Fishing with Live Bait
Looking for the hottest big fish technique in bass fishing? Get on board with the bait Mother Nature provided.
When dipping bait out of bait tank use fine mesh nets and try to handle quickly and as gently as possible. Try holding them on top and bottom with cupped hand placing your index finger on their nose to keep the slimly rascals from squirting out of your hand. Water temperature in your bait tank should make slow changes, not over 5� if any, from the time shad are placed in live well, until they reach destination to be fished. Plenty of oxygen must be provided also. Bass rarely hit bait that can't run away from them. There are also many good products to treat holding tanks or bait wells to keep your shad lively, blackbass and stripers don't like sluggish bait. Keep your bait fresh and perky.
Fishing and Terminal Tackle
Using proper tackle to match bait size can increase number of hits. For example, if the bait is three inches long, stay with 3 ought or less on your hook size. For Big Gizzard Shad 8 to 18 inches long, use 6 and 8 ought hooks. Seven foot heavy action rods with 30lb big game main lines work fine. Use a swivel and about 4 foot of leader line. You can vary the size of the leader from 15 - 30lb depending on the size of the bait and time of the year. I recommend good reels with clickers like the Garcia 6500 series. Circle Hooks will help you release your fish in good shape when using live bait.
Hooking a Live Bait
Shad live longer if hooked through front lips or bottom lip through nostril when trolling, If you are still fishing the most common placement of hook is under the dorsal fin. Front lip hook technique makes the shiner swim in a downward motion, and works great when trolling. Hooking in the dorsal fin will make the bait swim up and away from the line or bobber, thus creating more action, but the bait will wear down much quicker and die sooner, so wait until you are anchored to try this technique. Anal fin hooking close to back bone, but taking care not to touch spine, will make bait swim down and away. Shiners can actually be steered under vegetation to exact points where you want to be with practice.
When casting live bait, remember the object is to get them to the fish in good condition. Underhand pitching or swinging side arm prevent hard impact with the water, thus helps to keep all the scales intact. Scales that are knocked off leave white spots on your bait that can be seen under water as well as makes your bait weak. Take the time to hit your target the first time without repeated casts. Just remember you are not fishing with artificial bait, so let the shiner or shad do his job. when anchored set your lines at different depths and adjust to where hits are coming from.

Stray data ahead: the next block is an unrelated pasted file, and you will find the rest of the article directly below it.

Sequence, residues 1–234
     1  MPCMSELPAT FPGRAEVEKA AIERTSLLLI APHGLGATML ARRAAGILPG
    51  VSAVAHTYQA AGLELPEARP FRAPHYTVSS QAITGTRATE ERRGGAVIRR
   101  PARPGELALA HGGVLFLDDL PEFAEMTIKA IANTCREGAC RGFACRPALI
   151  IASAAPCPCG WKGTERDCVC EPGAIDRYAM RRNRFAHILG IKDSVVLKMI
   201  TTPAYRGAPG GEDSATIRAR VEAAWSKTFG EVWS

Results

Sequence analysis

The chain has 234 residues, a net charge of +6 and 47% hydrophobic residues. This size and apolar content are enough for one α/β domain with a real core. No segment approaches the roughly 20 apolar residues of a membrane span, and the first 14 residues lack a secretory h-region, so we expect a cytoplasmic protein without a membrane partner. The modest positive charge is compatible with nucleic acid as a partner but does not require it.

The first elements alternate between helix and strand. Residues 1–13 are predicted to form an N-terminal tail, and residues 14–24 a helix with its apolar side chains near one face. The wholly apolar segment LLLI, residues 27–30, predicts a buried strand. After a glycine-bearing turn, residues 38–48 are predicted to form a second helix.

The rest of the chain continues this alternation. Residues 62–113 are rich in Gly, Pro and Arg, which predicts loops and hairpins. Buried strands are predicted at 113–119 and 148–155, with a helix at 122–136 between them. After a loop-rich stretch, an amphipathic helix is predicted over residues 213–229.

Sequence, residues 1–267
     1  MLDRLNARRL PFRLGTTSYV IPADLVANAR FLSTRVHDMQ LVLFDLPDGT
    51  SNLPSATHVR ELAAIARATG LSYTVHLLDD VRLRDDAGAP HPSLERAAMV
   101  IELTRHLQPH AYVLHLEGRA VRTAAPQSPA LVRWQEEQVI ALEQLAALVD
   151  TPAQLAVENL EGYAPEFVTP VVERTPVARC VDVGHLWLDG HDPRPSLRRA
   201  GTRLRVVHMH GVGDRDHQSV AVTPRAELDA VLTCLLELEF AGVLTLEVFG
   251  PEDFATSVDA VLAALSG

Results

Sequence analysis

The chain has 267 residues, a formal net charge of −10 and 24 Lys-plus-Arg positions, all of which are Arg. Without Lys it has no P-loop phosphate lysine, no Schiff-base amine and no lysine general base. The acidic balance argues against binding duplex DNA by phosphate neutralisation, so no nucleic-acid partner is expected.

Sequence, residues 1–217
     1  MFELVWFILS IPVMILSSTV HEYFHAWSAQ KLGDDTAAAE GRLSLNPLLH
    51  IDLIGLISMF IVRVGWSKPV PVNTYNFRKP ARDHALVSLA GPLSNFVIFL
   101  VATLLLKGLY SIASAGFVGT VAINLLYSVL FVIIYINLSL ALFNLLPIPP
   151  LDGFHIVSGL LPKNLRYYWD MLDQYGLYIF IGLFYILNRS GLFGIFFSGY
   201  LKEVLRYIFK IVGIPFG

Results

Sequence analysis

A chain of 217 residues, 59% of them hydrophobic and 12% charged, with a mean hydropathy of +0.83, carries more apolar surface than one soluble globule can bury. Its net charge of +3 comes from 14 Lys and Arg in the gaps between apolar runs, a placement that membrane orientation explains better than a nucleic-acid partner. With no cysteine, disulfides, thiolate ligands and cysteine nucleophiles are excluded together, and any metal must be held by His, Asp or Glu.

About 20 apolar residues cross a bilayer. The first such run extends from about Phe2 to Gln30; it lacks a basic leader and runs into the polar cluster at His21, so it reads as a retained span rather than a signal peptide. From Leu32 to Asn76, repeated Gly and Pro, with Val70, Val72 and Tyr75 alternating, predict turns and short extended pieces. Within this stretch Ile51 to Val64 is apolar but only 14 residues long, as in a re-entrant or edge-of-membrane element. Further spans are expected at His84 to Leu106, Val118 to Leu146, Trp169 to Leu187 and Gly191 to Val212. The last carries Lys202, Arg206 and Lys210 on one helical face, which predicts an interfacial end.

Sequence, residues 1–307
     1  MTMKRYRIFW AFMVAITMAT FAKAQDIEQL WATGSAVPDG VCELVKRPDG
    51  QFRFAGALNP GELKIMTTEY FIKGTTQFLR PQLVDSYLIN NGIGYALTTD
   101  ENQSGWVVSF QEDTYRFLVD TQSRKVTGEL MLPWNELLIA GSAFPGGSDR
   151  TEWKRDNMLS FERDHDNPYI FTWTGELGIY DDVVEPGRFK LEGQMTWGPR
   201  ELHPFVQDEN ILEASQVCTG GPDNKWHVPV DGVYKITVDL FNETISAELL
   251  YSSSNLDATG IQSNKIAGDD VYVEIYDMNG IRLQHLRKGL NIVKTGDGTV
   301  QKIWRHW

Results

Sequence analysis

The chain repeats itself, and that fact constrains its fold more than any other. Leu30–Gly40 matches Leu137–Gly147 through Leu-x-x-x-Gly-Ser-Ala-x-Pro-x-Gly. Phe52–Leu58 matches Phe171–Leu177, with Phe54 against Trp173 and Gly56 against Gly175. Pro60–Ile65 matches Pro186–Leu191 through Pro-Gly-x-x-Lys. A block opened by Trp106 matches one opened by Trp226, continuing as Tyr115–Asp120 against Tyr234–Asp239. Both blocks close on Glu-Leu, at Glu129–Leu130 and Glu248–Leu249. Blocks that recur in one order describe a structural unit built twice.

Keep them small, only large enough to keep up with, where, and what is happening on the other end of the line. As far as bobbers or balloons, I personally like small party balloons, they have less resistance and let your bait swim freely and not wear them down as fast. Free line works great in running water or for trolling. It also works better in deep water or high skies days when fish do not want to come up. Carolina rigging in running water will normally blow your mind, it requires constant contact with weight in order to distinguish hits. Depending on the water speed, depth and size of shad use 1 � oz.- 4oz lead weights with 3' to 4' leaders when downlinning.
Check your wind! If you know where the fish are, be sure to set the boat up properly first time in order not to spook your fish. Have adequate rope and heavy enough anchors to hold fast. Lock boat in front and rear with anchors to prevent shifting.
Setting the Hook
Most people and guides tend to lean toward super hard hook sets, the how is much more important than the hard. Women in the boat tend to prove this fact more often. Strength is good but skill is better. Remember nylon stretches, so retrieve all slack smoothly until you feel the fish, with rod tip down make an over head hook set surprising your catch, while maintaining pressure keep your rod up to help keep hook firmly in place. Experience says from the time the float goes down till the time to set the hook should be around a 10 count. The exception is if you are using live bait 10 inches or longer, where you may have to wait up to 20 seconds. Keep in ming if a bass starts off with a live bait in excess of 10 inches it will be a big fish.
Also see circle hooks on how to set circle hooks
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Live Bait Fishing Tips